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Brazil Gears Up To Supply Non-GM Soy To India

Brazil Gears Up To Supply Non-GM Soy To India

Following news that China is ordering non-GM soy from Brazil, the non-GM soy producers of Brazil are gearing up to sell their crop to India as well. Soon all countries outside the GM-producing Americas will be sourcing non-GM soy. Except, that is, the UK, which is now stuck in a GM ghetto.

Take action and ask the UK supermarkets to proactively source non-GM soy from Brazil:
http://gmwatch.org/index.php?option=com_content&view=article&id=14765

To cater for consumption, India can buy Brazilian soybeans. Brazil is able to meet the Indian demand for non-GM soybeans, says Abrange Vivian Lessa [source: AgroLink]

The high consumption and low yield of the soybean plants in India can cause the country to import the grain produced in Brazil. Indian projections leave Brazilian producers optimistic, mainly over the cultivation of non-GM soy.

According to the president of the Association of Soy Producers (Aprosoja-Brazil), Glauber Silveira, who visited India last month, in India as in most countries, it is not possible to increase the agricultural area. Moreover, he notes that the Indian population is changing its eating habits and soy consumption has been growing 6% per year.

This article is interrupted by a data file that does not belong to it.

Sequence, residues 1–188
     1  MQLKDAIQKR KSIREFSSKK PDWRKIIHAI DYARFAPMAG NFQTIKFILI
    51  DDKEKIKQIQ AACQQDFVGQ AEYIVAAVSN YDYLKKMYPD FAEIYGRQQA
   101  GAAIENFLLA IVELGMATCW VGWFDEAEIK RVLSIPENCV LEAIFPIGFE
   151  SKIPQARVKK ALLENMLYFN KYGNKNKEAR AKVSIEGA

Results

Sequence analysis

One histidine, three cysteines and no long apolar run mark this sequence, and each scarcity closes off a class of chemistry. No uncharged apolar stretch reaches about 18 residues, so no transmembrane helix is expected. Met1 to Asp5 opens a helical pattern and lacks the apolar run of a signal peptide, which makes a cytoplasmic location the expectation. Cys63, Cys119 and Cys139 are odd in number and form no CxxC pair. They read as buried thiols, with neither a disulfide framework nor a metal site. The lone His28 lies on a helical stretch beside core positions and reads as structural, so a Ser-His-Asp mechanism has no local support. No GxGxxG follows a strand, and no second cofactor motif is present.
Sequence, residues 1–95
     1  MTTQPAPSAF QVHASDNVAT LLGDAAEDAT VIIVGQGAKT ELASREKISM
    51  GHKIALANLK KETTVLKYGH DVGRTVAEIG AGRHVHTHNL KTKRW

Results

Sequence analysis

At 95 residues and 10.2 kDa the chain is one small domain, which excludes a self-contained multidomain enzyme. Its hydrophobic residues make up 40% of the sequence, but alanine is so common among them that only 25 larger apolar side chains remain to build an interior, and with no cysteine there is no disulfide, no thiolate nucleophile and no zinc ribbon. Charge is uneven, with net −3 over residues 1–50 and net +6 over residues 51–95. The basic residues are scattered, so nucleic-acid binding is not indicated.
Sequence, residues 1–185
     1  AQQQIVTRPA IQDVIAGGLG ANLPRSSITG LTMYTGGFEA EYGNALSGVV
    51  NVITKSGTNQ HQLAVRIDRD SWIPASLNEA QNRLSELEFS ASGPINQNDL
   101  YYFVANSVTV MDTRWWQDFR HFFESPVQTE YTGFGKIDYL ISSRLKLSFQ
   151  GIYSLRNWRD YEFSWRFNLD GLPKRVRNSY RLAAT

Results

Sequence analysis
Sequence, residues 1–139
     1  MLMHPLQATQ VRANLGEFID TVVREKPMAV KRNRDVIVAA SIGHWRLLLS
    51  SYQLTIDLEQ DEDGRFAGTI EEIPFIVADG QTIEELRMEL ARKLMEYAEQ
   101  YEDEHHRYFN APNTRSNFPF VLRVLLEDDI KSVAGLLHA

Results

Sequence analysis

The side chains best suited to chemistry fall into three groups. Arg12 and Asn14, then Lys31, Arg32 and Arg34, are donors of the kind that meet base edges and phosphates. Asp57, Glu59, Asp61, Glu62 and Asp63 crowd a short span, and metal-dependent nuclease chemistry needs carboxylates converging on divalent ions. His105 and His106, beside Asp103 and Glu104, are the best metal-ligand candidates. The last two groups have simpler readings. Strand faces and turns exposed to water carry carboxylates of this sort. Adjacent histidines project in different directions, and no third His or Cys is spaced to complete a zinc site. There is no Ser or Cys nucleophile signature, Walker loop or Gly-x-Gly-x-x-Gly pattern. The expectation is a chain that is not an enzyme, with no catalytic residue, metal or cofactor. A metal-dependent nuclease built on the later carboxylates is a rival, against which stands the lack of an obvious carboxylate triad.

As Silveira said, India produces about 11 million tons of soybeans and 8 million tons of bran from which a maximum of 3.4 million are consumed internally. This means that 60% of the bran is left over to be exported.

Ivan Paghi, the technical director of Abrange, the Brazilian Association of Non-GM Grain Producers, adds that India is not prepared to export soybeans. "Crop yield is around 1800 pounds per acre. This situation hinders competitiveness with other exporting countries, such as Brazil."

He points out that India consumes non-GM grains. Abrange says Brazil is able to meet this exclusive market, considering that non-GM soybeans make up 20% of the Brazilian crop. In this case, Mato Grosso is in a more comfortable situation, taking into account that 25% of its oilseed crops [including soybeans] are non-GM.

[First Reported by GMWatch on Wednesday, 08 May 2013 22:07]


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Disclaimer: This article is not intended to provide medical advice, diagnosis or treatment. Views expressed here do not necessarily reflect those of GreenMedInfo or its staff.

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Sayer Ji
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Depression: 21st Century Solutions + The Dark Side of Wheat

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